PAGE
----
A new study published by the American Psychological Association has revealed that killer whales have some of the same sociable personality traits as humans and chimpanzees, including playfulness, cheerfulness, and affection.
Researchers analyzed the personality traits of captive killer whales at SeaWorld Orlando, SeaWorld San Diego, and the Loro Parque zoo in Tenerife, Spain. Out of the 24 killer whales examined for the study, six were caught in the wild and the rest were born in captivity.
Trainers who worked closely with the killer whales ranked the animals on a list of 38 personality traits, including playfulness, independence, stubbornness, bravery, sensitivity, and protectiveness.
Yulán Úbeda is a doctoral student in Psychology at the University of Girona and the study’s lead researcher.
“This is the first study to examine the personality traits of killer whales and how they relate to us and other primates,” said Úbeda. “These similar personality traits may have developed because they were necessary to form complex social interactions in tightly knit groups that we see in killer whales, humans and other primates.”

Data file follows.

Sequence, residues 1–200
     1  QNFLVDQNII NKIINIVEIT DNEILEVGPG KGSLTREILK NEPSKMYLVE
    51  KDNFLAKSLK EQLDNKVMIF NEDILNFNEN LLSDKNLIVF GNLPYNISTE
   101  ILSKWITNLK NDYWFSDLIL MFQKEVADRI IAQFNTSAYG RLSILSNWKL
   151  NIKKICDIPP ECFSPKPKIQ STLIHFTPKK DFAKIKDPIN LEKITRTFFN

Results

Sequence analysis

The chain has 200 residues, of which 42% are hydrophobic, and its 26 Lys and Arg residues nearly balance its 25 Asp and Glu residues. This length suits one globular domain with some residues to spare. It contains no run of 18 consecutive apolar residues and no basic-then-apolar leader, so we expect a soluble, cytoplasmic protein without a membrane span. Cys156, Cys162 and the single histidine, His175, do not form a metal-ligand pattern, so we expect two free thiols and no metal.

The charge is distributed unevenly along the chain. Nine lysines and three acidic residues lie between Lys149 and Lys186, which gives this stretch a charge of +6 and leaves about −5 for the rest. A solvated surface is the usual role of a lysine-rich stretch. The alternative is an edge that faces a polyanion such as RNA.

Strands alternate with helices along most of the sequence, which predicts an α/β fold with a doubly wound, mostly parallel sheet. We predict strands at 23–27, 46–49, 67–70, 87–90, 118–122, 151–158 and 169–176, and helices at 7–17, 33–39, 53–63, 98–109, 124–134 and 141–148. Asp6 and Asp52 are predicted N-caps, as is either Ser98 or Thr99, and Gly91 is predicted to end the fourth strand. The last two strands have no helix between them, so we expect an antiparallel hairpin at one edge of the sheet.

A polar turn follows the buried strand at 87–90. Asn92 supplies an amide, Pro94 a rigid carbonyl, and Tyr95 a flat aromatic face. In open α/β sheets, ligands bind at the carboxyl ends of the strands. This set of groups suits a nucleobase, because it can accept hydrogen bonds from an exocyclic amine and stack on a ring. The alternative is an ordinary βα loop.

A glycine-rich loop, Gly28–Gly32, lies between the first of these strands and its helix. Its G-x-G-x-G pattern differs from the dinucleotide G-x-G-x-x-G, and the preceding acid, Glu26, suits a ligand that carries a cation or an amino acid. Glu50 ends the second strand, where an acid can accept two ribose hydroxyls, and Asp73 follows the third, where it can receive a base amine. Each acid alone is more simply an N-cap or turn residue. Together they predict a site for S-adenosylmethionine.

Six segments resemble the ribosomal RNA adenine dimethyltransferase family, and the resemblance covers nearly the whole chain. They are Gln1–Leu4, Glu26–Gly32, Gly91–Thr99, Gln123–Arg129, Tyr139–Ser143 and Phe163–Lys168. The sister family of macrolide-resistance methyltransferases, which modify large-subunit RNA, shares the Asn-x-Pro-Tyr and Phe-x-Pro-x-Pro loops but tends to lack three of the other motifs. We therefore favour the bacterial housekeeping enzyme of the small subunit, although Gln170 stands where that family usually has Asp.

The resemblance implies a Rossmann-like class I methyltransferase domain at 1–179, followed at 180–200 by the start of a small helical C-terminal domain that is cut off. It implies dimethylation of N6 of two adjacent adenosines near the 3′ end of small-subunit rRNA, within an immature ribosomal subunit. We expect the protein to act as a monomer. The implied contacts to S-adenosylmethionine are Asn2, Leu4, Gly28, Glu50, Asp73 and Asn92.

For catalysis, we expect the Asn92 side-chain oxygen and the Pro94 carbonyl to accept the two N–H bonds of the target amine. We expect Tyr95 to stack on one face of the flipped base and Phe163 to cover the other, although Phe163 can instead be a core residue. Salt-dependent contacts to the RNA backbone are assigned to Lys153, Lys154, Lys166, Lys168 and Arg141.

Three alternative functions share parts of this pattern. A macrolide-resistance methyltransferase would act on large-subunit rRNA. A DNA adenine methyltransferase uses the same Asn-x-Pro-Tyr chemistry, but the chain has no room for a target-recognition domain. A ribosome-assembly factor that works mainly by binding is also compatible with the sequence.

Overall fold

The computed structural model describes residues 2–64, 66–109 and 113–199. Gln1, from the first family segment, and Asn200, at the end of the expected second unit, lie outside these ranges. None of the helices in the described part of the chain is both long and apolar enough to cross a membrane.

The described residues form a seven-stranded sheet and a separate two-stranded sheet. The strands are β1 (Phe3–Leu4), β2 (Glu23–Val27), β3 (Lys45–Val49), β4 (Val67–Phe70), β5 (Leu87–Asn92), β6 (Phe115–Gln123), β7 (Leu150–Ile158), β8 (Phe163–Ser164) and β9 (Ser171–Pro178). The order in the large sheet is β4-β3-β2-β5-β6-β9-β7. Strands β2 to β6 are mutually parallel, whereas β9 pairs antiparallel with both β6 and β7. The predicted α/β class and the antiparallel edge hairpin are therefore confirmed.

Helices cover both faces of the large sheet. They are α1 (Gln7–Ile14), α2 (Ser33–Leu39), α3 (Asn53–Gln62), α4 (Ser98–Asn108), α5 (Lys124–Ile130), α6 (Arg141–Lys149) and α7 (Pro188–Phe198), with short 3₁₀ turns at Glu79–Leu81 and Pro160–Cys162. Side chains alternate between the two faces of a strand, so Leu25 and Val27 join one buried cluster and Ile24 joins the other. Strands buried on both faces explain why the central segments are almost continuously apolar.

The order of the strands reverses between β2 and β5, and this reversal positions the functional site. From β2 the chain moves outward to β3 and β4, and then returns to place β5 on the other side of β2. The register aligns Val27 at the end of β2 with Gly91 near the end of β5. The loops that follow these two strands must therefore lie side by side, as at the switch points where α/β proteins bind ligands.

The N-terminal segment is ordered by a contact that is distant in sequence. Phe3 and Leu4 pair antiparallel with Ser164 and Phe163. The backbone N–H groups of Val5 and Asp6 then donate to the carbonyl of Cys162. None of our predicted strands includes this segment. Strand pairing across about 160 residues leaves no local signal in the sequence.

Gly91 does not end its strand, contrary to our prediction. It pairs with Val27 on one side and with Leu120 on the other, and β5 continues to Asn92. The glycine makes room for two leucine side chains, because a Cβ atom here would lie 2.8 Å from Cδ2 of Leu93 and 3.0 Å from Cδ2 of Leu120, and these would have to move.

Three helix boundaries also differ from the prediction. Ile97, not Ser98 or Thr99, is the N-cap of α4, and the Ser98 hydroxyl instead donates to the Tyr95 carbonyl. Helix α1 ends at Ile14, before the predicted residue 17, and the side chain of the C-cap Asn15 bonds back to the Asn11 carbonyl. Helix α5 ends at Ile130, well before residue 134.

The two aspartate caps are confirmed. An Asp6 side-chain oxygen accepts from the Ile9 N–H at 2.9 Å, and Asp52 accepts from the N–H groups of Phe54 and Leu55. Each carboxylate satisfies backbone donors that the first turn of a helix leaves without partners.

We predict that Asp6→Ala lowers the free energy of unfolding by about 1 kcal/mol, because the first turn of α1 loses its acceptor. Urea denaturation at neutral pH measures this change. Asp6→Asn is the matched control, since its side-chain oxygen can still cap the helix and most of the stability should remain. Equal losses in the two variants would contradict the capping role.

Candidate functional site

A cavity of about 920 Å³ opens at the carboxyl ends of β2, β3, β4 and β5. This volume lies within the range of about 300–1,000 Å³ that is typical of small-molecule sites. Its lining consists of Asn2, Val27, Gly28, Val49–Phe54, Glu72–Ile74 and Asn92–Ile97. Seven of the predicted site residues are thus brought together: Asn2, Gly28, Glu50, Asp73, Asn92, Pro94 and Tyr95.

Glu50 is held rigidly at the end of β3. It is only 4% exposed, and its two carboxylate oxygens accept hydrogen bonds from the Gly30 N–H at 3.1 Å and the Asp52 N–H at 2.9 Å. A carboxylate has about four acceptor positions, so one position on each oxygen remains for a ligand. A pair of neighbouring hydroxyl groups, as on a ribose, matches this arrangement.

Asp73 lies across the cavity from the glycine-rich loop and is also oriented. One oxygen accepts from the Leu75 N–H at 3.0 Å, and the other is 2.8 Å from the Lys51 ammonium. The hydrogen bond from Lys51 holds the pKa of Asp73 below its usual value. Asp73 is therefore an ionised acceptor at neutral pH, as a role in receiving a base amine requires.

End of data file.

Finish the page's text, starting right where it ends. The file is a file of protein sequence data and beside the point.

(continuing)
The experts used a common personality measure called the five-factor model, which assesses extraversion, agreeableness, conscientiousness, dominance, and carefulness. They compared the results to previous studies of the same characteristics in chimpanzees and humans.
The study revealed that the personality traits of killer whales were similar to those of both humans and chimpanzees, with more similarities to chimpanzees.
Looking at the extraversion factor, the killer whales were playful, gregarious, and sociable – a combination of traits found in both humans and chimpanzees. The whales were also found to share personality traits for conscientiousness and agreeableness with chimpanzees, including stubbornness, protectiveness, and patience.
The findings suggest some evolutionary convergence between killer whales and primates due to the advanced cognitive abilities required for complex social interactions. Killer whales can live into their 90s in tightly knit pods, displaying advanced communication skills and cooperation.
The study is published in the Journal of Comparative Psychology.